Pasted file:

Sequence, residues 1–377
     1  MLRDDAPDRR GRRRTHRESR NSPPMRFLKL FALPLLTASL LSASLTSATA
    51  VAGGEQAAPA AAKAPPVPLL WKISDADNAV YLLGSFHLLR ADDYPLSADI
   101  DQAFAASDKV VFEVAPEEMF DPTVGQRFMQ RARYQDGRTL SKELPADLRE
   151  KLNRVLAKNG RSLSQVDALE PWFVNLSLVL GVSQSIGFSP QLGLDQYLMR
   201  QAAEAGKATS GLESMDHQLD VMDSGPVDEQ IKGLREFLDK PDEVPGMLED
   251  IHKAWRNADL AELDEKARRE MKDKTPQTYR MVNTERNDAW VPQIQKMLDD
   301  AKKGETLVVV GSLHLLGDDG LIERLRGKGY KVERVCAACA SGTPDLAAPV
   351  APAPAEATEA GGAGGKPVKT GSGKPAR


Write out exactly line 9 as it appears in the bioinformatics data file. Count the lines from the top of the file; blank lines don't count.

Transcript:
   351  APAPAEATEA GGAGGKPVKT GSGKPAR